Operation Tulongeni launched in Omusati
05 January 2017 | Agriculture
The Tulongeni initiative took place at Matheus Iilonga's mahangu field at Onamundindi village in the Ogongo Constituency of the Omusati Region. Geingob also worked the field, much to the delight of those attending the event.
The head of state told the gathering of mostly subsistence farmers that the operation was a reaffirmation and rededication of commitment to his call that “nobody should go to bed hungry”.
“I am launching this Operation Tulongeni to prove our hard work and commitment that nobody is going to sleep with hunger.
We can only get things done through hard work,” Geingob said.
Tulongeni is an Oshiwambo word, which means “let's work”.
Omusati governor Erginus Endjala briefed the president about the challenges faced by subsistence farmers in the northern regions. He said since 2008, the Ministry of Agriculture, Water and Forestry had come up with a dry-land crop production programme, where subsistence farmers are assisted by the government when it comes to paying for ploughing services using state-owned and privately owned tractors. “Under this system, the government and the field owner or farmers share the ploughing cost because it is too high. The programme also distributes seed and fertiliser to enable farmers to afford farming necessities and be able to produce enough food,” Endjala said.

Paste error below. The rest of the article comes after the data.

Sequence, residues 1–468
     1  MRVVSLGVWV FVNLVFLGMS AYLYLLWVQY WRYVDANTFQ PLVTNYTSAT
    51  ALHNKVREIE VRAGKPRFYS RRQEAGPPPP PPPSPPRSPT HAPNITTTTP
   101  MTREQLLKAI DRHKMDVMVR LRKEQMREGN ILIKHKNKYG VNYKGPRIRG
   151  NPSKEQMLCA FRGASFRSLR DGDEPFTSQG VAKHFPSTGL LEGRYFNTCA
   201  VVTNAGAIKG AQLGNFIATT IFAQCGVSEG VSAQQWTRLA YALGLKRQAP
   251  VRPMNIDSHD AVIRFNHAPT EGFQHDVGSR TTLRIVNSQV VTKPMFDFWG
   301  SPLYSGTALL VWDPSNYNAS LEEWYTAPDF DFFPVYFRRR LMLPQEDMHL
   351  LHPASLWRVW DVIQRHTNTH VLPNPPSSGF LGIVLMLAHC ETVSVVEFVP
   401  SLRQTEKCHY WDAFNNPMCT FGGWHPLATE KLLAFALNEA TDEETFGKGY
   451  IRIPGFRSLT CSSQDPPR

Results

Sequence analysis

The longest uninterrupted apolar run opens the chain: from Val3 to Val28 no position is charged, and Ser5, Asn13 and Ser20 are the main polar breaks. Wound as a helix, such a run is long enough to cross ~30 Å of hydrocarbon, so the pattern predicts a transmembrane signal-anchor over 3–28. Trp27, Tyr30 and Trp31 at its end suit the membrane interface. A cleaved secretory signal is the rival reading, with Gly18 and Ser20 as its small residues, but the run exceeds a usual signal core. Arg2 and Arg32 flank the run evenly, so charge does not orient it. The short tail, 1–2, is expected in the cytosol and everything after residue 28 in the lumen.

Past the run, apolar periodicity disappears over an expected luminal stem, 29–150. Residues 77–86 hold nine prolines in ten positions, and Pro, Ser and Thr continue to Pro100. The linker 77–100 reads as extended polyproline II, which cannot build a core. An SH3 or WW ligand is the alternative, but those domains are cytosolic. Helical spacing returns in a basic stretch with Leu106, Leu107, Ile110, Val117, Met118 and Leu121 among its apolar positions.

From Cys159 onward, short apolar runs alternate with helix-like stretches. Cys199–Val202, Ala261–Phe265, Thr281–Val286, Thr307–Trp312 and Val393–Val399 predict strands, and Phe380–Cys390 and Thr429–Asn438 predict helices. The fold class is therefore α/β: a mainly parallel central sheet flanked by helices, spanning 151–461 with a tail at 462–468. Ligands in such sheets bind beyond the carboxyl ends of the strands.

A shortage of tractors and other necessities was, however, a challenge for the region.
“In Omusati we have 20 government tractors serving 12 constituencies. We allocated one per constituency, but they are not enough. Government also subsidises private tractors, but still it's not enough,” he said. The president thanked the agriculture ministry for introducing a programme that assists subsistence farmers. “This is a good system and it only needs to be strengthened and empowered,” said Geingob